Yesterday's New York Times examined an aspect of global warming that doesn't get much attention: adaptation. Planning for adaptation is taboo in some circles, because it implies that it might be better to learn to live with climate change than to take steps to avert it. Mr. Tierney's article about the views of the controversial Danish environmental economist Bjorn Lomborg raises some interesting points for consideration, while contributing to the sense of futility attached to much of the adaptation discussion. That's a pity, because I view adaptation as an essential component of a rational global strategy to deal with climate change.
Consider Dr. Lomborg's ideas about rising sea level and coastal development. Citing the example of the minimal impact of past sea-level increases on rich countries like the US, he suggests we would do better to increase global wealth and limit coastal development, rather than investing heavily to reduce greenhouse gas emissions, in order to slow the rise in sea level from global warming. While there's some merit to this argument, I don't see it in the same either/or terms he does.
If an increase of a foot or two in sea level were the worst potential outcome of climate change, then it probably wouldn't be worth expending enormous efforts preventing it, instead of planning to adapt to a world with a bit less shoreline. But that presumes we can predict those results accurately, instead of facing enormous uncertainties, due to intricate feedback mechanisms involving ice, water and cloud cover. Sea level could go up by inches or meters, along with a wide range of other global warming impacts affecting agriculture, biodiversity, and human health.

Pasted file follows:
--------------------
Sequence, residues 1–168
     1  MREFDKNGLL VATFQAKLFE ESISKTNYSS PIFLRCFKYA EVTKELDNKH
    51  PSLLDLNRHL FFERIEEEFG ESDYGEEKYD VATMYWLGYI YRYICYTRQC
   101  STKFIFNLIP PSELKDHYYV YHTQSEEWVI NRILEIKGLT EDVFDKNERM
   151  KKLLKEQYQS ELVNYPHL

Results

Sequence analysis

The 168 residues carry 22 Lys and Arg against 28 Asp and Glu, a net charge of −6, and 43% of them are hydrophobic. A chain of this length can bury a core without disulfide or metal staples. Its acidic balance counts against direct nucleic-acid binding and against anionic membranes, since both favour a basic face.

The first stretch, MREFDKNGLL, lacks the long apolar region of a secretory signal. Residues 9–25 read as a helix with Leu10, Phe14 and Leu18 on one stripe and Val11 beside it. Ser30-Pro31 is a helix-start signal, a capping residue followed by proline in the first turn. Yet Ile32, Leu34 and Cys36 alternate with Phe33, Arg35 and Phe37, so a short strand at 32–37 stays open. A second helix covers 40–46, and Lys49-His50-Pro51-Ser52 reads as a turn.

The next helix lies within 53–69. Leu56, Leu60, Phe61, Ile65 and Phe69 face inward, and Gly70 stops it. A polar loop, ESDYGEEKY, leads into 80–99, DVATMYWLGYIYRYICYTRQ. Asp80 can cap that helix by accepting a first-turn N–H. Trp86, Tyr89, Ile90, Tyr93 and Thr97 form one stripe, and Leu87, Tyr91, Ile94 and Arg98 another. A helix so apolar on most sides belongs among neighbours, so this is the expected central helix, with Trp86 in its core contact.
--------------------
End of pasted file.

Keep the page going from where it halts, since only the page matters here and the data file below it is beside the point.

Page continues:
However, if we took some of Dr. Lomborg's ideas as being additive, rather than alternative to the measures necessary to mitigate climate change, then we might have something useful. Reducing our emissions sufficiently to avert the worst consequences of global warming will be quite challenging. We are likely to see further warming and some adverse consequences, despite our best efforts. In that case, taking reasonable steps to prepare for a world that includes some of those outcomes--such as higher sea levels--looks smart, rather than defeatist.
So let's imagine that the Congress passed strong measures to reduce US emissions along the lines currently being debated, and that the President signed them into law. That would suggest not only a scientific consensus on climate change, but a political consensus that it represents a high-priority problem for us and the world. Might it then also make sense to begin a frank conversation about how prudent it is for millions of Americans to migrate to a state with a mean elevation above present sea level of only 100 feet? Census estimates show the population of Florida growing from 18 million today to 29 million by 2030. Even if you dismiss the computer animations that show Florida going underwater within a century or so, putting that many extra people, their homes and other property at future risk from climate change doesn't make much sense, particularly if the US government ends up as the insurer of last resort for most of these folks. The alternative might require seawalls on an unimaginable scale.
The politics of this look terrible, of course. Florida has been a key state in the last couple presidential elections, and both parties see it as pivotal to their future chances. Which candidate would be first in line to suggest that Florida shouldn't grow so rapidly? Perhaps adaptation isn't the easy way out, after all. But easy or not, this is only one example of how we cannot argue that climate change is an enormous problem demanding urgent action, while simultaneously promoting actions that will compound the impact of its foreseeable consequences. In that sense, mitigation and adaptation are two sides of the same coin.
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